Vengeance is mine, sayeth the Lord. And although retribution shall surely come in the fullness of time, a ballplayer can only wait so long.

Accordingly, when Boston Red Sox slugger David Ortiz came to bat against Tampa Bay's David Price at the end of May -- for the first time this season -- Price fired the very first pitch, a 94 mile-an-hour fastball, square into Ortiz's back.

This did not sit well with Ortiz. Hesitation, angry smile, umpire's warning. Managers screaming, tempers flaring. Everyone knew this was no accident.

On Oct. 5, 2013, Ortiz had hit two home runs off Price. Unusual, but not unknown. Except that after swatting the second, Ortiz stood at home plate seeming to admire his handiwork, watching the ball's majestic arc into the far right field stands -- and only then began his slow, very slow, trot around the bases.

This did not sit well with Price. He yelled angrily at Ortiz to stop showboating and start running.

But yelling does not quite soothe the savage breast. So, through the fall and long winter, through spring training and one-third of the new season, Price nursed the hurt. Then, as in a gentleman's pistol duel, at first dawn he redeemed his honor.

Except that the other guy had no pistol.

Which made for complications: further payback; major mayhem in the form of the always pleasing, faintly ridiculous, invariably harmless bench-clearing brawl; and all-around general ill feeling. After the game, Ortiz declared himself at war with Price, advising the louse to prepare for battle at their next encounter.

Price feigned innocence.


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What is so delightful about this classic act of revenge is both the length of the fuse -- eight months! -- and the swiftness of the execution: one pitch, one plunk, one message delivered. Revenge as it was meant to be: cathartic, therapeutic, clean, served cold. No talking it through.

Think of it, compact and theatrical as a highly abridged "Count of Monte Cristo," still the most satisfying revenge novel of all time. There the fuse is deliciously long -- the 14 years our betrayed hero suffers and broods on an island prison before escaping -- and the execution is spectacularly elaborate: the decade developing a new identity with which to entrap his betrayers and bring each to a tortured demise.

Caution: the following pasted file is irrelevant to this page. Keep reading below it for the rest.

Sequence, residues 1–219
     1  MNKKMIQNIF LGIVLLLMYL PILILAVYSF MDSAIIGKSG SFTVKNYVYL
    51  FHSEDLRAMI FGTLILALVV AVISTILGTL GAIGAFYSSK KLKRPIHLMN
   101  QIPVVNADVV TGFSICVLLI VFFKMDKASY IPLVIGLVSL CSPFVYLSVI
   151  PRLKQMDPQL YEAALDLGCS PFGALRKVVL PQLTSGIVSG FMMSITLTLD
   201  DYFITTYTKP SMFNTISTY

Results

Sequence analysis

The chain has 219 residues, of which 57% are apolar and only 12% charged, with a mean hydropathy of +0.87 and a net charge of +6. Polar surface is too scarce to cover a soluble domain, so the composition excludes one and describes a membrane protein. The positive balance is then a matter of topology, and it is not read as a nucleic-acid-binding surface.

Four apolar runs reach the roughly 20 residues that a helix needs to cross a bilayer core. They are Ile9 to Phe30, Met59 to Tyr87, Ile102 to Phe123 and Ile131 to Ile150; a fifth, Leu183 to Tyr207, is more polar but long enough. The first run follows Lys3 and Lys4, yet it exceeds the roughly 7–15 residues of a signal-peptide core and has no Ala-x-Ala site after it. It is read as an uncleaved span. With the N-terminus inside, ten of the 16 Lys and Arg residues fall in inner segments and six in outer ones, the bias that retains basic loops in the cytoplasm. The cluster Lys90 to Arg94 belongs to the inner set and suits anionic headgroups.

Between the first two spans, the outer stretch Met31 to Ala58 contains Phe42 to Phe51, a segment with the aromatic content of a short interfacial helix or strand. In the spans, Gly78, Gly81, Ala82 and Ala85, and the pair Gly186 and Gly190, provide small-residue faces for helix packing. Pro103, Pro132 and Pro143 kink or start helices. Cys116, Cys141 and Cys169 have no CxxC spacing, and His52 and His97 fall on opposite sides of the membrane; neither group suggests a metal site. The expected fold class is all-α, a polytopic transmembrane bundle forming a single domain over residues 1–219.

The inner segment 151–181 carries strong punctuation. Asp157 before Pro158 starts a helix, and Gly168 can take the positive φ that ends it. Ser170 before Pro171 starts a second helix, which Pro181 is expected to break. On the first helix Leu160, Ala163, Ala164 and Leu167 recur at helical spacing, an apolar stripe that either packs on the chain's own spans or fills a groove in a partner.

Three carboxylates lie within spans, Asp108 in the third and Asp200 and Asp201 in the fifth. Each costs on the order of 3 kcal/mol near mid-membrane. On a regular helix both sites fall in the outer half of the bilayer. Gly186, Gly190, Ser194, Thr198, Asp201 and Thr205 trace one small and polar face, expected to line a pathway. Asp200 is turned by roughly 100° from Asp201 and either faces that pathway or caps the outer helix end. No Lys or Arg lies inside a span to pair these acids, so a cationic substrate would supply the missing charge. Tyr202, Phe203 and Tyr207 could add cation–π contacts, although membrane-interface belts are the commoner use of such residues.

I suspect what makes revenge so satisfying in both literature and sport is that, while the real thing can turn rather ugly, revenge thusly mediated can be experienced not just vicariously but schematically.

After all, there is nothing satisfying about watching a well-armed real-world thug like Vladimir Putin chew up neighboring countries to avenge the Soviet collapse of 1991. Or the Crimean giveaway of 1954. Or was it Czar Nicholas' misadventure of 1917-18?

Even benign dreams of restoration can be a bit unsettling. Ever seen a Quebec license plate? "Je me souviens." In English, "I remember." What? The Battle of the Plains of Abraham, marking the fall of Quebec to Britain -- in 1759.

The response became known centuries later as "la revanche des berceaux." Revenge of the cradles. They multiplied. Quietly. Determinedly. A serious exercise in making love, not war.

But the amorous Quebecois are the exception. More common are the savage retributive habits of the more tribal elements of the human family. The Serbs, for example, waging late 20th-century war suffused with fury at the Turkish conquest of Kosovo, 1389. Or Ayman al-Zawahri calling for infidel blood with an invocation of Andalusia, lost to Islam in 1492.

We Americans, children of so young a country, can barely fathom such ineradicable grievances. We did give the world Tonya Harding and the Godfather's horse's head in the bed, but the best we can do outside sport and fiction is "Remember the Alamo." Wonderful sentiment, but with Mexico now a best buddy, hardly a battle cry.

No. We'll do our vengeance on the playing field, thank you, where unwritten rules apply and the frisson can be enjoyed with Bud in hand. So mark your calendar. Next Red Sox-Rays encounter: July 25. Here's hoping Price is pitching.

Charles Krauthammer is a syndicated columnist.